Mass Balance Studies with 14C-Labeled 2,4,6-Trinitrotoluene (TNT) Mediated by an Anaerobic Desulfovibrio Species and an Aerobic Serratia Species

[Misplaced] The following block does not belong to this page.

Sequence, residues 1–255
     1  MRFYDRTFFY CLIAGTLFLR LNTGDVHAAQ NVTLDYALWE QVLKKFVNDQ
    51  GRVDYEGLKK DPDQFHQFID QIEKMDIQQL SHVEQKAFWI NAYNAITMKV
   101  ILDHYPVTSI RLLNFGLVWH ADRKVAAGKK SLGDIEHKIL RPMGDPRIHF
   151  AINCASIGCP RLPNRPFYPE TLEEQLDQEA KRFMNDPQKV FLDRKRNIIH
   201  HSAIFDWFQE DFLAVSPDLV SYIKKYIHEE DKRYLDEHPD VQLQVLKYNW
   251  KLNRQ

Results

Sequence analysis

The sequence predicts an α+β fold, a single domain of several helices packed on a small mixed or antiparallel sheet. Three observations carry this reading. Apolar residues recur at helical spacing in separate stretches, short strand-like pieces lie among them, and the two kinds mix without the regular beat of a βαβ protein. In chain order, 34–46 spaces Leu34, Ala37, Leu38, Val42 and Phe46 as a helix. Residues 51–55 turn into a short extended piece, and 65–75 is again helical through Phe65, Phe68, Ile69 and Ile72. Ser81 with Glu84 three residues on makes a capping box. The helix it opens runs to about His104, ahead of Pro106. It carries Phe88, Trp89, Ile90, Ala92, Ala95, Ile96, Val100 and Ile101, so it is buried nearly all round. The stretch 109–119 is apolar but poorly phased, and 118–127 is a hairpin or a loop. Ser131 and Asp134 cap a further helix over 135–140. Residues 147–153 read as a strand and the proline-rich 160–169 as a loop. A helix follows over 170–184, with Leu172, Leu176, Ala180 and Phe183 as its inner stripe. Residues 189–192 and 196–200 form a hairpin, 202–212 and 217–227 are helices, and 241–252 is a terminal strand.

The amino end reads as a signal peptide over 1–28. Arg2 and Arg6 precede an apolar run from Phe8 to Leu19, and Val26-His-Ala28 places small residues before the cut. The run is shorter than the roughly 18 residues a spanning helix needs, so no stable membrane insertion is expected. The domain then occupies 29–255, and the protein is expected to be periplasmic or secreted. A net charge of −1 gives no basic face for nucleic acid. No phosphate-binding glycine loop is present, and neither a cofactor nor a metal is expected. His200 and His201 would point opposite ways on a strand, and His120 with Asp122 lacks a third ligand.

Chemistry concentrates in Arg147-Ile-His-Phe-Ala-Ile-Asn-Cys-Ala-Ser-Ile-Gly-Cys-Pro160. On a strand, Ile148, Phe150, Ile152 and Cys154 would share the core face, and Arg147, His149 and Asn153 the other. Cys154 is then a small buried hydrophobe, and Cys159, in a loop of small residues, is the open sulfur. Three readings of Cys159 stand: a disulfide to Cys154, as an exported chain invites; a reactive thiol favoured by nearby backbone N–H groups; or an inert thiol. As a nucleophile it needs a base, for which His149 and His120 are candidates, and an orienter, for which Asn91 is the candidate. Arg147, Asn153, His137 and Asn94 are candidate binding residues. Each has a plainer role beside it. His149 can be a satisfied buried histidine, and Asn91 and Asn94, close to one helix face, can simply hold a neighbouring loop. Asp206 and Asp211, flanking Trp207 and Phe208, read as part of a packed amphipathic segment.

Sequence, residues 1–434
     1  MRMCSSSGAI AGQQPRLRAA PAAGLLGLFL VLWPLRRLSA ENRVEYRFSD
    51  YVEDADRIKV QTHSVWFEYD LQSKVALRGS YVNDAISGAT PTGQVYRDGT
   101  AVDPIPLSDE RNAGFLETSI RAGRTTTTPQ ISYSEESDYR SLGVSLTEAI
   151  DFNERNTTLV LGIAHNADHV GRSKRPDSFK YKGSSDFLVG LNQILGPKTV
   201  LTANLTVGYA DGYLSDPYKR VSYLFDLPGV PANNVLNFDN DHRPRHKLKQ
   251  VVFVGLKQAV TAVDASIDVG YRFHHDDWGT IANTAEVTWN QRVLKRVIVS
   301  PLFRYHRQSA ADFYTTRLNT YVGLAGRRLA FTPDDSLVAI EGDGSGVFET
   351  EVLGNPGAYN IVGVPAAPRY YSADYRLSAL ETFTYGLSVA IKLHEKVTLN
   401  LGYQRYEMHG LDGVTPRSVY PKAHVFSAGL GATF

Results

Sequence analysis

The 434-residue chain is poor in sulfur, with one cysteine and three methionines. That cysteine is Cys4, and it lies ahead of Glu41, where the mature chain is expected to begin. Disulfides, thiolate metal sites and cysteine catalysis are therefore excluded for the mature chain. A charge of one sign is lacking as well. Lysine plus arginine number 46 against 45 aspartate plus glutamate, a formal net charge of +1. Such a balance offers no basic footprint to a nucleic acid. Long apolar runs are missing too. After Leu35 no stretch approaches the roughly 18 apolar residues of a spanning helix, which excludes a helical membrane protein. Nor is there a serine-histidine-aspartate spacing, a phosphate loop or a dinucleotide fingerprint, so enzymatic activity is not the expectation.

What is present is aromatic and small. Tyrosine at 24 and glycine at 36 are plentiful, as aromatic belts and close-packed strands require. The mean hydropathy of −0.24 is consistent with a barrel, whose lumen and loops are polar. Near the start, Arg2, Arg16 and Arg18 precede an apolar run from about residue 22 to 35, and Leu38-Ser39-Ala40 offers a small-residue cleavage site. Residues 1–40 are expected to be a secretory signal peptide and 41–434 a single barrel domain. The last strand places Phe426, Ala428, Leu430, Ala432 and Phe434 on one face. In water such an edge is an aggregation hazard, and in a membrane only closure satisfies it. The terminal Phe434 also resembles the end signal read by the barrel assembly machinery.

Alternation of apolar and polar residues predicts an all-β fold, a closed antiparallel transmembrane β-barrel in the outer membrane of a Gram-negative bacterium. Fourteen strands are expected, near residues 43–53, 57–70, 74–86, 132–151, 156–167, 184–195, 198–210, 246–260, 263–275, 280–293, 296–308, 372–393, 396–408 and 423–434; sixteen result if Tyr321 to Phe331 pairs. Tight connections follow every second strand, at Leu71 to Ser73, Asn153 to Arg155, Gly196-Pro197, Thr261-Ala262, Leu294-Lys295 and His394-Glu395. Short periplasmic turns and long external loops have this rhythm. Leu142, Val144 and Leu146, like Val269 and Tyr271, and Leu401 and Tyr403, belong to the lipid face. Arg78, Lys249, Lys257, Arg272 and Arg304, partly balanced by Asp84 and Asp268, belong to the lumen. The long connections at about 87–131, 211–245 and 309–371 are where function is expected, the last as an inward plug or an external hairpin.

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Investigations were carried out to evaluate the level of incorporation of radiolabeled 2,4,6-trinitrotoluene (TNT) and metabolites into the bacterial biomass of two different bacterial species after cometabolically mediated TNT transformation. Biotransformation experiments with 14C-TNT indicated that TNT was not mineralized; however, carbon derived from TNT became associated with the cells. It was found that more than 42% of the initially applied radiolabel was associated with the cell biomass after cometabolic 14C-TNT transformation with the strictly anerobic Desulfovibrio species strain SHV, whereas with the strictly aerobic Serratia plymuthica species strain B7, 32% of cell-associated 14C activity was measured. The remainder of the radiolabel was present in the supernatants of the liquid cultures in the form of different TNT metabolites. Under anoxic conditions with the Desulfovibrio species, TNT was ultimately transformed to 2,4,6-triaminotoluene (TAT) and both diaminonitrotoluene isomers, whereas under oxic conditions with the Serratia species, TNT was converted to hydroxylaminodinitrotoluenes and aminodinitrotoluenes, with 4-amino-2,6-dinitrotoluene (4ADNT) being the major end product. In both culture supernatants, small amounts of very polar, radiolabeled, but unidentified metabolites were detected. At the end of the experiments approximately 92% and 96% of the originally applied radioactivity was recovered in the studies with the Serratia and Desulfovibrio species, respectively.
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